Abstract: Class III adenylyl cyclases generate the ubiquitous second messenger cAMP from ATP often in response to environmental or cellular cues. During evolution, soluble adenylyl-cyclase catalytic domains have been repeatedly juxtaposed with signal-input domains to place cAMP synthesis under the control of a wide variety of these environmental and endogenous signals. Adenylyl cyclases with light-sensing domains have proliferated in photosynthetic species depending on light as an energy source, yet are also widespread in non-photosynthetic species. Among such naturally occurring light sensors, several flavin-based photoactivated adenylyl cyclases (PACs) have been adopted as optogenetic tools to manipulate cellular processes with blue light. In this report, we report the discovery of a cyanobacteriochrome-based photoswitchable adenylyl cyclase (cPAC) from the cyanobacterium Microcoleussp. PCC 7113. Unlike flavin-dependent PACs, which must thermally decay to be deactivated, cPAC exhibited a bistable photocycle whose adenylyl cyclase could be reversibly activated and inactivated by blue and green light, respectively. Through domain exchange experiments, we also document the ability to extend the wavelength-sensing specificity of cPAC into the near IR. In summary, our work has uncovered a cyanobacteriochrome-based adenylyl cyclase that holds great potential for design of bistable photoswitchable adenylyl cyclases to fine-tune cAMP-regulated processes in cells. tissues, and whole organisms with light across the visible spectrum and into near IR.

Two independent but synchronized Gβγ subunit-controlled pathways are essential for trailing-edge retraction during macrophage migration.

blue CRY2/CIB1 HeLa RAW264.7 Control of cytoskeleton / cell motility / cell shape
J Biol Chem, 1 Sep 2017 DOI: 10.1074/jbc.m117.787838 Link to full text
Abstract: Chemokine-induced directional cell migration is a universal cellular mechanism and plays crucial roles in numerous biological processes, including embryonic development, immune system function, and tissue remodeling and regeneration. During the migration of a stationary cell, the cell polarizes, forms lamellipodia at the leading edge (LE), and triggers the concurrent retraction of the trailing edge (TE). During cell migration governed by inhibitory G protein (Gi)-coupled receptors (GPCRs), G protein βγ (Gβγ) subunits control the LE signaling. Interestingly, TE retraction has been linked to the activation of the small GTPase Ras homolog family member A (RhoA) by the Gα12/13 pathway. However, it is not clear how the activation of Gi-coupled GPCRs at the LE orchestrates the TE retraction in RAW264.7 macrophages. Here, using an optogenetic approach involving an opsin to activate the Gi pathway in defined subcellular regions of RAW cells, we show that in addition to their LE activities, free Gβγ subunits also govern TE retraction by operating two independent, yet synchronized, pathways. The first pathway involves RhoA activation, which prevents dephosphorylation of the myosin light chain, allowing actomyosin contractility to proceed. The second pathway activates phospholipase Cβ and induces myosin light chain phosphorylation to enhance actomyosin contractility through increasing cytosolic calcium. We further show that both of these pathways are essential, and inhibition of either one is sufficient to abolish the Gi-coupled GPCR-governed TE retraction and subsequent migration of RAW cells.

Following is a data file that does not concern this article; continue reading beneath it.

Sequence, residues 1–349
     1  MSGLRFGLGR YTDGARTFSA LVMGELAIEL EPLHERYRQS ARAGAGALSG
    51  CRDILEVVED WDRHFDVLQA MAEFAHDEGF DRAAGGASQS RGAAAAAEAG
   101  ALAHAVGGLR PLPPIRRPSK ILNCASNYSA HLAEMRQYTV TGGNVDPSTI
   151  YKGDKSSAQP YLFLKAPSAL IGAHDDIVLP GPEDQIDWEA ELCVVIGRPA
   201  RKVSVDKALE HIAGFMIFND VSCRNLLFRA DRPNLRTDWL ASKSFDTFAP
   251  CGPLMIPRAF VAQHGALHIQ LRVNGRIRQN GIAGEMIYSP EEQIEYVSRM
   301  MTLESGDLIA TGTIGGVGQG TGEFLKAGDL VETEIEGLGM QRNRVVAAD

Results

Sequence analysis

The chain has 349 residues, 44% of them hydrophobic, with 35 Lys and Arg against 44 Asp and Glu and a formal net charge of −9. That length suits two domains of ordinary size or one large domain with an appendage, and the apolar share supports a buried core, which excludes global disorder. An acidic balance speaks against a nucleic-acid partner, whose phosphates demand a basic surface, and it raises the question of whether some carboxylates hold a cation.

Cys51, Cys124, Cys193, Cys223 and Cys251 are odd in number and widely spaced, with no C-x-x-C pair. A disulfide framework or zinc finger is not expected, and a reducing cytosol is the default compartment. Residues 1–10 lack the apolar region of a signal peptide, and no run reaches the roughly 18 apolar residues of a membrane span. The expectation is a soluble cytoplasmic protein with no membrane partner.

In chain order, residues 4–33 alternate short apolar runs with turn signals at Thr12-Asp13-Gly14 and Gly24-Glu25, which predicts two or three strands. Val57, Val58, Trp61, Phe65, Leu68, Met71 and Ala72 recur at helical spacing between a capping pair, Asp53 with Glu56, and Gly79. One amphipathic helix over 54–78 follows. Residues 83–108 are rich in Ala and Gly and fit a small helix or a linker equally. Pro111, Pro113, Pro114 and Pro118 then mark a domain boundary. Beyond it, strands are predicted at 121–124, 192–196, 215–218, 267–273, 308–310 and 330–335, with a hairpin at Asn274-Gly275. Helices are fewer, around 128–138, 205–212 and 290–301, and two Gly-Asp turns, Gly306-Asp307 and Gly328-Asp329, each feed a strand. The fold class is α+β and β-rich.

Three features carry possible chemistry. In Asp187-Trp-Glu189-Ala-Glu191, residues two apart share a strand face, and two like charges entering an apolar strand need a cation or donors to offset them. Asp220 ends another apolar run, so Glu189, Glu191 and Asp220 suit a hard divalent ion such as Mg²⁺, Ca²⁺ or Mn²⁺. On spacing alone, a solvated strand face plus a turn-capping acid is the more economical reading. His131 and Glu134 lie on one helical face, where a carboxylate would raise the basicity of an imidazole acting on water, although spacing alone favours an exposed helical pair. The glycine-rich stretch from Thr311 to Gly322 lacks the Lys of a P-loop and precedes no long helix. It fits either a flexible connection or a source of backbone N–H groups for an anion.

Blue light-induced dimerization of monomeric aureochrome-1 enhances its affinity for the target sequence.

blue LOV domains Background
J Biol Chem, 1 May 2014 DOI: 10.1074/jbc.m114.554618 Link to full text